crown englannista suomeksi
Any reward of victory or mark of honor.
Imperial or regal power, or those who wield it.
The sovereign (in a monarchy), as head of state.
The state, the government (headed by a monarch).
(RQ:Macaulay History of England)
The top part of something:
The topmost part of the head.
(RQ:Bunyan Pilgrim's Progress)
The highest part of a hill.
The raised centre of a road.
The highest part of an arch.
Splendor; culmination; acme.
(RQ:Milton Paradise Lost)
Any currency (originally) issued by the crown (regal power) and often bearing a crown (headdress); various currencies known by similar names in their native languages, such as the koruna, kruna, krone, korona.
1859, (w), ''(w)'':
- ''Half-a-crown'' is known as an (smallcaps), (smallcaps), (smallcaps), and a (smallcaps); whilst a ''crown'' piece, or ''five shillings'', may be called either a (smallcaps), or a (smallcaps), or a (smallcaps), or a (smallcaps), or a (smallcaps), or a (smallcaps).
The part of a plant where the root and stem meet.
The top of a tree.
The part of a tooth above the gums.
In England, a standard size of paper measuring 20 × 15 inches.
In American, a standard size of paper measuring 19 × 15 inches.
During childbirth, the appearance of the baby's head from the mother's vagina
2007, David Schottke, American Academy of Orthopaedic Surgeons, ''First Responder: Your First Response in Emergency Care'', page 385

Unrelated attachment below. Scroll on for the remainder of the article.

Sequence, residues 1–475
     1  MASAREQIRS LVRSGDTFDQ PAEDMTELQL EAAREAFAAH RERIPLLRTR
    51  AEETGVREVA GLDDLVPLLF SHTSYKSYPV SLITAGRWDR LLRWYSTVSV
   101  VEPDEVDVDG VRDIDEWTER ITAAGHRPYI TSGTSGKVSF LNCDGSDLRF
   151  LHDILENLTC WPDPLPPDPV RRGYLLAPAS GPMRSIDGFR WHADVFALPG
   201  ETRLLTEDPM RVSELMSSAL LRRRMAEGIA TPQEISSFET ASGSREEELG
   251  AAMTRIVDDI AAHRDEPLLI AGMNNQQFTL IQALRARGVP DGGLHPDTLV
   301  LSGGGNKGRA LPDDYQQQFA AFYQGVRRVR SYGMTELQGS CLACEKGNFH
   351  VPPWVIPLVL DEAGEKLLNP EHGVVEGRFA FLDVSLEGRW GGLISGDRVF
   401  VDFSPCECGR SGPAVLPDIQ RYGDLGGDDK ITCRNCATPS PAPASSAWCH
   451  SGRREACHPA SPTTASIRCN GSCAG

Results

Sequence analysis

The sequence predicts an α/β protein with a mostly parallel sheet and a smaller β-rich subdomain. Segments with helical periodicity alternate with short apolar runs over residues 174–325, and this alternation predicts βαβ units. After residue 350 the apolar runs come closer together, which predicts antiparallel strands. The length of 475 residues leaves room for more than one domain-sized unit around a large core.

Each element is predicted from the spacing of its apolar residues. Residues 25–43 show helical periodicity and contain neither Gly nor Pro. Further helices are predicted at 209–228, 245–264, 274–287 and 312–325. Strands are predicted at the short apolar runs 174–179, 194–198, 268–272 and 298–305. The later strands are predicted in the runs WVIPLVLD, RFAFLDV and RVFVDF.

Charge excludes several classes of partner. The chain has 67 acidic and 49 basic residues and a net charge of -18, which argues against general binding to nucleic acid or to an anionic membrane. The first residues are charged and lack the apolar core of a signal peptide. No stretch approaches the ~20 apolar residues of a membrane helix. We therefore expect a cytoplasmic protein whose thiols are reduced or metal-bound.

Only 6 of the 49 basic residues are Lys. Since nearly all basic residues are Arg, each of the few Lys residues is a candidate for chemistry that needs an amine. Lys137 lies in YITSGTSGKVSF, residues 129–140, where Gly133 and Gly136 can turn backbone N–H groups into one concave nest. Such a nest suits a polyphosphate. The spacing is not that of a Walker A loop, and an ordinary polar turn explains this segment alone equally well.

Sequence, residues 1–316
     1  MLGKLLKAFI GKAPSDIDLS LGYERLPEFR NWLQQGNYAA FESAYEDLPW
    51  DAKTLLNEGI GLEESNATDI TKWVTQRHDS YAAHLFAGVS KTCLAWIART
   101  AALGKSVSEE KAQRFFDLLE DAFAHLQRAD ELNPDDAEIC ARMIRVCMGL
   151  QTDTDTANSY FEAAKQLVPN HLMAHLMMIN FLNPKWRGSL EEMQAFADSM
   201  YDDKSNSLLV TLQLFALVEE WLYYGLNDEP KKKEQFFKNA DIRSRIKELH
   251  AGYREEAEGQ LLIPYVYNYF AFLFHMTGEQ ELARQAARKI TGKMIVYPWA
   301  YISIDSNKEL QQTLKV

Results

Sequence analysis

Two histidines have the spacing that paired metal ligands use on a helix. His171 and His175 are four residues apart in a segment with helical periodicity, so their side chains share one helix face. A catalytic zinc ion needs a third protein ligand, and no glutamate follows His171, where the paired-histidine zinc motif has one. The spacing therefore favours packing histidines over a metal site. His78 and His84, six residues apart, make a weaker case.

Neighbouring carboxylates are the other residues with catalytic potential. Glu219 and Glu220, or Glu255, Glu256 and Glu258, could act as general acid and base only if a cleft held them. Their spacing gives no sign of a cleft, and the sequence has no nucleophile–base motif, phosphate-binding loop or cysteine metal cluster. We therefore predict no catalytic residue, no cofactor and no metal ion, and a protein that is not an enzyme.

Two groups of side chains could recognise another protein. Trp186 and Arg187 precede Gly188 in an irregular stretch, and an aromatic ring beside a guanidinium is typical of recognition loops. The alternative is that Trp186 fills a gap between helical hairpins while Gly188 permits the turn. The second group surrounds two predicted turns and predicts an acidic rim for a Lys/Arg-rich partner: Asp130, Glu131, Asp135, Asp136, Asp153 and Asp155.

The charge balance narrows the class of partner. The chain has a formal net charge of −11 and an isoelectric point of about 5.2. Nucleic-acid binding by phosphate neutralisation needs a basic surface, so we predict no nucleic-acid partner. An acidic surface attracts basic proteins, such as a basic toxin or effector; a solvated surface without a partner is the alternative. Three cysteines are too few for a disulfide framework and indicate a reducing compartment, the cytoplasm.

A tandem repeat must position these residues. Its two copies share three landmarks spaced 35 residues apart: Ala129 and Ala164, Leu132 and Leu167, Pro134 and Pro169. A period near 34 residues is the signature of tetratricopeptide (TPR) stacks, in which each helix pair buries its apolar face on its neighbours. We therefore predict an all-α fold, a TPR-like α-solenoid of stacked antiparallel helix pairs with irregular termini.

- You will see the baby's head crowning during contractions, at which time you must prepare to assist the mother in the delivery of the baby.
A rounding or smoothing of the barrel opening
A round spot shaved clean on the top of the head, as a mark of the clerical state; the tonsure.
A formal hat worn by women to Sunday church services; a ''crown''.
Of, related to, or pertaining to a crown.
Of, related to, pertaining to the top of a tree or trees.
To place a crown on the head of.
(RQ:Dryden The Indian Empero)
- Her who fairest does appear, Crown her queen of all the year.
To bestow something upon as a mark of honour, dignity, or recompense; to adorn; to dignify.
- Thou (..) hast crowned him with glory and honour.
To form the topmost or finishing part of; to complete; to consummate; to perfect.
(RQ:Byron Childe Harold)
1856, (w), ''The Rise of the Dutch Republic''
- To crown the whole, came a proposition.
*2010 Scott Gallagher ''Dancing Upon the Shore'' pg 157
- He's crowning . . . His head's coming through
To cause to round upward; to make anything higher at the middle than at the edges, such as the face of a machine pulley.
To hit on the head.
(quote-book)|title=(w)| chapter=6| url=http://openlibrary.org/works/OL2004261W| passage=&lquo;… I remember a lady coming to inspect St. Mary's Home where I was brought up and seeing us all in our lovely Elizabethan uniforms we were so proud of, and bursting into tears all over us because “it was wicked to dress us like charity children”. We nearly crowned her we were so offended. She saw us but she didn't know us, did she?’.
To shoot an opponent in the back of the head with a shotgun in a first-person shooter video game.
To widen the opening of the barrel.
To lay the ends of the strands of (a knot) over and under each other.
being about to take a poop (usually trying to hold it in, derived from obstetric use: metaphor of "giving birth" to solid poo)
2020, Eddy Keymolen, ''amerikanischen Umgangssprache'' page 148
- Where's the bathroom, I'm crowning here!
1823, (w), ''Don Juan''
- The cock had crown.